The Richard Stockton College of New Jersey dedicated its $39.5 million Unified Science Center in ribbon-cutting ceremonies at the main Galloway campus here Wednesday.
The 66,350-square-foot, three-story facility expands Stockton’s School of Natural Sciences and Mathematics (NAMS), which graduates 20 percent of all the math and science majors in New Jersey - more than any other state college or university.
“Stockton’s distinctive Natural Sciences and Mathematics programs attract many more very qualified prospective students than the college has been able to admit,” President Saatkamp noted.
“With the Unified Science Center providing eight new classrooms, 28 teaching and research labs and state-of-the-art scientific instruments and equipment, the college will be even more of a choice institution as well as a launching pad for future scientists and mathematicians,” said President Saatkamp.
The building was designed by EYP, a global research and design firm known for its sustainable design and research in energy efficiency. Sustainable construction methods and materials were incorporated in the Unified Science Center’s design, which
utilizes the college’s existing Geothermal system of heating and cooling on campus.
- The exterior of the building was designed to realize harmonious environmental relationships with the sun and prevailing winds, according to EYP. The size, configuration and locations of windows in conjunction with vertical and horizontal sunshades and deep building overhangs will optimize thermal performance while maximizing usable daylight.
- The design allows for daylight access and views in as many areas of the building as possible to increase space quality and energy savings.
- With Stockton College’s strong history of innovation relating to the installation of Ground Source Heat Pump (GSHP) systems, the new science building will provide the opportunity to expand the use of this technology on campus. As an alternative to conventional heating and cooling, GSHP is an energy- efficient, cost-effective system that enables Stockton to continue its role as a leader in the reduction of CO2 and other greenhouse gas emissions.
- High efficiency restroom fixtures were integrated into the design, resulting in 30 percent water reduction from the baseline standard.
- Occupancy sensors, used in all public and laboratory spaces, will turn lights off in a given area, when a space is not in use, resulting in large energy savings.
“With the opening of the Unified Science Center, the college's teaching and research laboratories made a quantum leap from rehabilitated early 1980s facilities to 21st century cutting-edge facilities with equipment to match,” said Dean Dennis Weiss of the School of Natural Sciences and Mathematics.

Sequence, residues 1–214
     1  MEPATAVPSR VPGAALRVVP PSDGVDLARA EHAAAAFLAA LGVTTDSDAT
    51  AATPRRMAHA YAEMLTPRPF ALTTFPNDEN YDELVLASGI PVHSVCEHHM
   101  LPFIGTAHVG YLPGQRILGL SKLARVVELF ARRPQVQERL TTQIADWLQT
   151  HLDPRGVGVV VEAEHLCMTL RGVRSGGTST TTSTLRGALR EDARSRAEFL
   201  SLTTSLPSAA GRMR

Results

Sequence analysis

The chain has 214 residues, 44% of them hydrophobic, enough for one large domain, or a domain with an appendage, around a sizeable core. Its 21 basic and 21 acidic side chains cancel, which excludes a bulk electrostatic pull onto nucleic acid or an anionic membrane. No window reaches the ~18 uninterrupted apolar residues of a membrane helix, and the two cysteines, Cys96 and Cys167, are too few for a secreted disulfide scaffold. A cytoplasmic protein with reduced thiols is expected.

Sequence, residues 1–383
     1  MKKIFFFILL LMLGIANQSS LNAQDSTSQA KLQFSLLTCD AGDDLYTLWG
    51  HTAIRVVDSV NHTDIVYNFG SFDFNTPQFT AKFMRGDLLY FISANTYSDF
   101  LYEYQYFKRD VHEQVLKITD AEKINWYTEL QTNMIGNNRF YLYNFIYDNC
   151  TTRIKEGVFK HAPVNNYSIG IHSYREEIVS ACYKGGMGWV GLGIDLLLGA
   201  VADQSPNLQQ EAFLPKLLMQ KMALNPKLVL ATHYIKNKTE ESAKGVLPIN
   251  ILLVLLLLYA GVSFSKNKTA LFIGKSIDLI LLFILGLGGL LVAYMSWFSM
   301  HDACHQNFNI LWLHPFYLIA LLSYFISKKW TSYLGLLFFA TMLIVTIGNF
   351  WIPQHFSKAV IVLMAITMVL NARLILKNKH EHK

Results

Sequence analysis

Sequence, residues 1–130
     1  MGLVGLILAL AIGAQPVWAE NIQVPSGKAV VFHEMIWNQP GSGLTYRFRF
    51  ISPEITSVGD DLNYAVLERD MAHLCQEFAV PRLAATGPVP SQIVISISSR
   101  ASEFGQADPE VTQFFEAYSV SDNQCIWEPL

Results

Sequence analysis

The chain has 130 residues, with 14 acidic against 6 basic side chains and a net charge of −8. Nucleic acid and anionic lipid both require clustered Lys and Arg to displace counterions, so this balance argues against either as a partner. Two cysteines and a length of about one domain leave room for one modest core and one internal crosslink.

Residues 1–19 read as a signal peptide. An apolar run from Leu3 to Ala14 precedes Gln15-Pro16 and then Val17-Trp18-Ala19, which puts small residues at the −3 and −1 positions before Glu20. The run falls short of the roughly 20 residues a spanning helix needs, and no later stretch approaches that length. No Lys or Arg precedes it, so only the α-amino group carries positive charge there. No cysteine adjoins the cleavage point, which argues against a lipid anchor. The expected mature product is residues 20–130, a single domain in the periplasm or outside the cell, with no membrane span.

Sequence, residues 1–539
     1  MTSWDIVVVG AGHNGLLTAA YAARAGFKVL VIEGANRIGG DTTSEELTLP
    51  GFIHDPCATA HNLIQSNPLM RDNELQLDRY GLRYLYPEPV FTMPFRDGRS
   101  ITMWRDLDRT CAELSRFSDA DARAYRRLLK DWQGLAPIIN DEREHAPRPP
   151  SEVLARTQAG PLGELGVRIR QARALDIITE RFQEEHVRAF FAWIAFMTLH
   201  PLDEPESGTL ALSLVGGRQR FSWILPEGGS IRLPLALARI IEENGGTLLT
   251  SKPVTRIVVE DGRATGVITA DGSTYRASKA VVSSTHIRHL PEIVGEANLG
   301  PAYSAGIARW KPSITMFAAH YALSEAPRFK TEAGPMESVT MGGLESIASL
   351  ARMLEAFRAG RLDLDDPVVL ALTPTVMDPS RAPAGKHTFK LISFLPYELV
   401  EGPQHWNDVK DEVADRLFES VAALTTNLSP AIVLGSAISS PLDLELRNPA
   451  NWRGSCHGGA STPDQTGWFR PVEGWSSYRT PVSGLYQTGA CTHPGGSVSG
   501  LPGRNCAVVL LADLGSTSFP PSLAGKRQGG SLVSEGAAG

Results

The 11:15 a.m. ribbon-cutting ceremony included remarks by President Saatkamp, Curtis Bashaw, president of the college Board of Trustees, Dr. Harvey Kesselman, provost and executive vice president of the college, Dean Weiss, Assemblywoman DiAnne Gove and Assemblyman Brian Rumpf of the 9th District, Deputy Secretary Gregg Edwards, of the New Jersey Department of Higher Education, Dr. Rodger Jackson, president of the Stockton Faculty Senate and associate professor of Philosophy, and Maribeth Capelli, president of the Stockton Student Senate.
The Unified Science Center also includes $525,000 in striking artwork tied to the building’s environmental and scientific purpose, including:
- A $200,000 Water Molecule sculpture by artist Larry Kirkland (located outside of building facing Campus Center);
- The Wave, a $125,000 hanging colored glass installation by artist Ray King (hangs from ceiling of 2nd floor);
- Sun Sails, a $200,000 colored glass installation by Ray King (above rear entrance of building facing the Sports Center.)
State law requires spending up to 1.5 percent of the construction cost of publicly funded buildings on public art. The required funding does not come from tuition sources.
The Unified Science Building is located adjacent to the college’s new Campus Center and the Sports Center. A $28.6 million planned addition to the science center has been approved by the New Jersey Legislature to receive bond funds, as recommended by the state Department of Education. Voters approved the “Building Our Future” bond act for public and private colleges and universities to upgrade academic and research facilities last November.
Stockton also commemorated the Campus Center’s LEED® Gold certification at Wednesday’s ceremonies.
Established by the U.S. Green Building Council and verified by the Green Building Certification Institute (GBCI), LEED stands for Leadership in Energy and Environmental Design and is the nation’s preeminent program for the design, construction and operation of high performance green buildings.
Stockton’s 154,000-square-foot Campus Center, which opened in 2011, achieved this internationally recognized gold certification for energy use, lighting, water and material use as well as incorporating a variety of other sustainable strategies.
— News release from The Richard Stockton College of New Jersey